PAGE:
Limitations of Election System Lie Behind Difficulties In Ruling Parties

Japan is facing difficult challenges, including a chronic decline in the birth rate and a rapidly deteriorating security environment. The ruling parties must not allow internal feuds to cause political stagnation.

The Liberal Democratic Party and its junior coalition partner Komeito have been at loggerheads over the coordination of candidates for the next House of Representatives elections. The discord was triggered by an election system change in which the number of single-seat constituencies has been “increased by 10 in Tokyo and four prefectures, and decreased by 10 in 10 prefectures.”

Komeito sought to field a second candidate in Tokyo, where the number of constituencies will increase by five to 30, but the idea was rejected by the LDP. As a result, Komeito announced that it would end its election cooperation with the LDP in Tokyo and will not endorse any LDP candidates in the lower house elections in the capital. Komeito said it will also terminate its cooperation with the LDP in the Tokyo metropolitan assembly.

For more than 20 years, the LDP and Komeito have coordinated candidacies throughout the nation and endorsed each other’s candidates in single-seat lower house polls. In some cases, the LDP has called on voters to vote for Komeito in the proportional segment.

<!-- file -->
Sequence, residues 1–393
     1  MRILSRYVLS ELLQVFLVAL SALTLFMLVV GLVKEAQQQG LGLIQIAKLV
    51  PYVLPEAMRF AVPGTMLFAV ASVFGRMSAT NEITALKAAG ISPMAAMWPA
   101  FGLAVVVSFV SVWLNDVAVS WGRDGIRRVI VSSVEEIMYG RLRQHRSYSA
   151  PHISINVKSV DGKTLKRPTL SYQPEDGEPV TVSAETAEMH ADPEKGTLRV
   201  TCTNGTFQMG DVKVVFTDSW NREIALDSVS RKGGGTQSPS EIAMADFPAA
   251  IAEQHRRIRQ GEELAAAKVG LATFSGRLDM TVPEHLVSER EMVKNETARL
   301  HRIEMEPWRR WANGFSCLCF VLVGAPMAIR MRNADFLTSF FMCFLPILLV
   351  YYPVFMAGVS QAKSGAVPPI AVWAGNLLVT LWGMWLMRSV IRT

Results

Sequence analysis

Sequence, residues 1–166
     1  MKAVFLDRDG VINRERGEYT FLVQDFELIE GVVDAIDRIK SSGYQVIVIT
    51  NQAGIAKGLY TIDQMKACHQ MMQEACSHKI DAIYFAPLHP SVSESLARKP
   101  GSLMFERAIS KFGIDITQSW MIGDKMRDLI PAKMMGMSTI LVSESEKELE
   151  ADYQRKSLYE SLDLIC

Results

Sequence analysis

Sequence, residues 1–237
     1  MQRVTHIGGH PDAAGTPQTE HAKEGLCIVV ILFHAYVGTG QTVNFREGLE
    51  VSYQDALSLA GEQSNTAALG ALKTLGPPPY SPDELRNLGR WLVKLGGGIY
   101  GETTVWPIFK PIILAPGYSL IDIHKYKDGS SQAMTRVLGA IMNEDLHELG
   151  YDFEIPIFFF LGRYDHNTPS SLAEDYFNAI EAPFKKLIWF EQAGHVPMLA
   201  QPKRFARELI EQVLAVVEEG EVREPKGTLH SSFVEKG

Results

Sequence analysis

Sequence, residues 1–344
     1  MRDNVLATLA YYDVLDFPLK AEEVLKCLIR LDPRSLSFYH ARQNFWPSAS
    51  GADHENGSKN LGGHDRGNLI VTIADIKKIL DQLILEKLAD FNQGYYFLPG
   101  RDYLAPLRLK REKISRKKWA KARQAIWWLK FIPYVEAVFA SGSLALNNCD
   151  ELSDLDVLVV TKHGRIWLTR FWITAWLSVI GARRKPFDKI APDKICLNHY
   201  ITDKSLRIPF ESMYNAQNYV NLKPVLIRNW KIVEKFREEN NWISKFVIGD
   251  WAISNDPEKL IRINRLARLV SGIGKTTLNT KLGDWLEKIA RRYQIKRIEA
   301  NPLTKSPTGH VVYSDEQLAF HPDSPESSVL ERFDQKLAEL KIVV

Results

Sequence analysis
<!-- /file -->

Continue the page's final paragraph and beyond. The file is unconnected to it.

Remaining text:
Never in the past have the LDP and Komeito clashed to the extent of ending electoral cooperation, even though it is only in Tokyo this time. This will be a blow to LDP candidates in the capital who rely on votes from Komeito supporters.

The reason Komeito is insisting on fielding candidates in Tokyo is that Nippon Ishin (Japan Innovation Party) has begun exploring the idea of fielding candidates in Osaka and Hyogo prefectures, where Komeito holds six seats. Komeito hopes to secure seats in Tokyo because it expects a tough fight in the Kansai region.

The LDP, however, believes that it “cannot compromise in Tokyo” because of the reduction in the number of seats in rural prefectures that are LDP strongholds.

It is obvious that the executive teams of the two parties are not communicating well enough with each other. The fact that former Prime Minister Yoshihide Suga and former LDP Secretary General Toshihiro Nikai, both of whom had coordinated well with Komeito, are now no longer on the LDP executive team is also said to be a factor.

Prime Minister Fumio Kishida met with Komeito chief Natsuo Yamaguchi and confirmed that the two parties will maintain the coalition. Kishida also told Yamaguchi that his party will deal with the issue carefully. The secretaries general of both parties also met and agreed to maintain election cooperation outside of Tokyo.

Election cooperation is the foundation of this coalition government. The LDP alone does not hold a majority of seats in the House of Councillors. If the rift between the two parties deepens, the nation’s politics could become unstable.

The difficulty in coordinating candidacies in the wake of the rezoning of lower house single-seat constituencies is not limited to the LDP and Komeito. The root cause lies in the election system.

As the population has shifted from rural to urban areas, the lower house’s constituency zoning has been changed to reduce “vote-value disparity.” If rezoning is repeated in the future, the ruling and opposition parties will be forced to make frequent candidacy adjustments. Voters will also likely be confused.

It might be the end of the line for the current system. The ruling and opposition parties need to hasten discussions on election system reform.

(From The Yomiuri Shimbun, June 4, 2023)